Career and Education Opportunities for Teaching Assistants in North Dakota
North Dakota has a population of 646,844, which has grown by 0.72% over the past decade. Nicknamed the "Flickertail State," its capital is Bismarck, though its biggest city is Fargo.
For those living in the Bismarck, North Dakota area, there are many career and education opportunities for teaching assistants. There are currently 3,460 working teaching assistants in North Dakota; this should grow 5% to about 3,630 working teaching assistants in the state by 2016. This is not quite as good as the national trend for teaching assistants, which sees this job pool growing by about 10.3% over the next eight years. In general, teaching assistants perform duties that are instructional in nature or deliver direct services to students or parents.
The average wage in the general category of Specialized Education jobs is $18 per hour or $42,192 per year in North Dakota, and an average of $22 per hour or $38,002 per year nationwide. Incomes for teaching assistants are not quite as good as in the overall category of Specialized Education in North Dakota, and not quite as good as the overall Specialized Education category nationally. Teaching assistants work in a variety of jobs, including: ed educational aide , visual aid expert, and teacher associate.
The Bismarck area is home to six schools of higher education, including one within twenty-five miles of Bismarck where you can get a degree as a teaching assistant. Given that the most common education level for teaching assistants is a high school diploma or GED, you can expect to spend only a short time training to become a teaching assistant if you already have a high school diploma.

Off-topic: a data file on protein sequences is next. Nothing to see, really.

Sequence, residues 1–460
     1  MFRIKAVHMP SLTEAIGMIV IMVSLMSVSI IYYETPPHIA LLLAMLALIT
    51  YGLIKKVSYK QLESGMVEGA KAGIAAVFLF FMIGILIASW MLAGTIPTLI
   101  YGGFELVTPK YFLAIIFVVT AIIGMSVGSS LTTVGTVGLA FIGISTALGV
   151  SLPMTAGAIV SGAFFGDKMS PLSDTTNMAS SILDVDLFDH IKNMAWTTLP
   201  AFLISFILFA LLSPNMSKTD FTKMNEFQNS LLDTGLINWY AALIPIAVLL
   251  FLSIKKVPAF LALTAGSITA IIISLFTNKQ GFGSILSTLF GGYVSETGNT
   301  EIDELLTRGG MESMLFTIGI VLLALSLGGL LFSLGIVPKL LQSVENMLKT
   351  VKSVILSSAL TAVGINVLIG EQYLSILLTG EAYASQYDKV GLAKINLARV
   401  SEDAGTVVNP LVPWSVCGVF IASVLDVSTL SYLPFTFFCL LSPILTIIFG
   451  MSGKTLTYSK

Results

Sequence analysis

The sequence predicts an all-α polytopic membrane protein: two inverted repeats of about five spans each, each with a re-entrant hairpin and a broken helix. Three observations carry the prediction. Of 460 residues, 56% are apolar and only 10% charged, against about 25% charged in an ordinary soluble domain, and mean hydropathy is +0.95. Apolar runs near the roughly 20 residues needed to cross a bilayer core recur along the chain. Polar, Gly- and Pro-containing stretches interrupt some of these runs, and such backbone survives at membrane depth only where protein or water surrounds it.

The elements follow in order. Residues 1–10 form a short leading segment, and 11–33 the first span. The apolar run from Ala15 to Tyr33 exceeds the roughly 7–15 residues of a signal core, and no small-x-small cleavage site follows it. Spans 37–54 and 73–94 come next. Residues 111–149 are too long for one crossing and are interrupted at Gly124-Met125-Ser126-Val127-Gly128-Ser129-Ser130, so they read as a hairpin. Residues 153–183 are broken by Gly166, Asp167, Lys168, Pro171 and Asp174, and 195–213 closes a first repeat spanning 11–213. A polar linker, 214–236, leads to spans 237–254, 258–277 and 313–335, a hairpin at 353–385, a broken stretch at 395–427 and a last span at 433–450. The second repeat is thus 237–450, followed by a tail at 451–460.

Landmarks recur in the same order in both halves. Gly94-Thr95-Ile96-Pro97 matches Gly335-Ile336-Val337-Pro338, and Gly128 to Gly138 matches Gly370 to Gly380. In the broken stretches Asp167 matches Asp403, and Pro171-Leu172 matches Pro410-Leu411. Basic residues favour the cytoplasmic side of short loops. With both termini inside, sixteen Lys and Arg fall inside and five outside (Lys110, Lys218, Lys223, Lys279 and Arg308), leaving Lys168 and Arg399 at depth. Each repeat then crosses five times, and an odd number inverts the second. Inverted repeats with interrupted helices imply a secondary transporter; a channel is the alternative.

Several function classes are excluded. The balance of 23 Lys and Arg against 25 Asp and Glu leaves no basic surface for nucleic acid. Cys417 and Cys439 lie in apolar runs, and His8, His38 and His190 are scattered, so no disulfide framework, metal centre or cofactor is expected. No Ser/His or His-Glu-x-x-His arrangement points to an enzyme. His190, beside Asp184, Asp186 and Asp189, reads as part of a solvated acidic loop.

In 2008, there were a total of 498,718 jobs in North Dakota. The average annual income was $39,874 in 2008, up from $36,678 the preceding year. The unemployment rate in North Dakota was 4.3% in 2009, which has grown by 1.1% since the previous year. Roughly 22.0% of North Dakota residents have college degrees, which is lower than the national average.
The top industries in North Dakota include farm product raw material merchant wholesalers, farm machinery merchant wholesalers, and lawn equipment stores. Notable tourist destinations include the Red River Valley Genealogical Society, the Fargo Air Museum, and the Driverz.
CITIES WITH Teaching Assistant OPPORTUNITIES IN North Dakota
JOB DESCRIPTION: Teaching Assistant
In general, teaching assistants perform duties that are instructional in nature or deliver direct services to students or parents. They also serve in a position for which a teacher or another professional has ultimate responsibility for the design and implementation of educational programs and services.
Every day, teaching assistants are expected to be able to listen to and understand others in meetings. They need to articulate ideas and problems. It is also important that they speak clearly.
Similar jobs with educational opportunities in North Dakota include:
- Elementary School Teacher. Teach pupils in public or private schools at the elementary level basic academic, social, and other formative skills.